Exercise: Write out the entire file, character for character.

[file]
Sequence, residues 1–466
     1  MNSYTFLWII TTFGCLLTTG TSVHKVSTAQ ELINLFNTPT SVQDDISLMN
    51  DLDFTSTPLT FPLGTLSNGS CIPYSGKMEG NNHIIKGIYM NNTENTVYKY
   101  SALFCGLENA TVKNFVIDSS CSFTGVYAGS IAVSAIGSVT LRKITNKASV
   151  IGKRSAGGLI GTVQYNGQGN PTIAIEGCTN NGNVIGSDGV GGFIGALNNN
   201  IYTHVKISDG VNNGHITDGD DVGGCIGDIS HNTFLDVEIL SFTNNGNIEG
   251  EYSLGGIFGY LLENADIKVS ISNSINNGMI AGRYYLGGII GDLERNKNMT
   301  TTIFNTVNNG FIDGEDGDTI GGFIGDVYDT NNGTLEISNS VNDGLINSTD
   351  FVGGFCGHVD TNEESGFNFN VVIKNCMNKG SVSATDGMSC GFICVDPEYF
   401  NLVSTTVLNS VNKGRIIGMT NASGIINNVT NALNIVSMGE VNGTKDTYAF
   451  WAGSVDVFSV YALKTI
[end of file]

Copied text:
Sequence, residues 1–466
     1  MNSYTFLWII TTFGCLLTTG TSVHKVSTAQ ELINLFNTPT SVQDDISLMN
    51  DLDFTSTPLT FPLGTLSNGS CIPYSGKMEG NNHIIKGIYM NNTENTVYKY
   101  SALFCGLENA TVKNFVIDSS CSFTGVYAGS IAVSAIGSVT LRKITNKASV
   151  IGKRSAGGLI GTVQYNGQGN PTIAIEGCTN NGNVIGSDGV GGFIGALNNN
   201  IYTHVKISDG VNNGHITDGD DVGGCIGDIS HNTFLDVEIL SFTNNGNIEG
   251  EYSLGGIFGY LLENADIKVS ISNSINNGMI AGRYYLGGII GDLERNKNMT
   301  TTIFNTVNNG FIDGEDGDTI GGFIGDVYDT NNGTLEISNS VNDGLINSTD
   351  FVGGFCGHVD TNEESGFNFN VVIKNCMNKG SVSATDGMSC GFICVDPEYF
   401  NLVSTTVLNS VNKGRIIGMT NASGIINNVT NALNIVSMGE VNGTKDTYAF
   451  WAGSVDVFSV YALKTI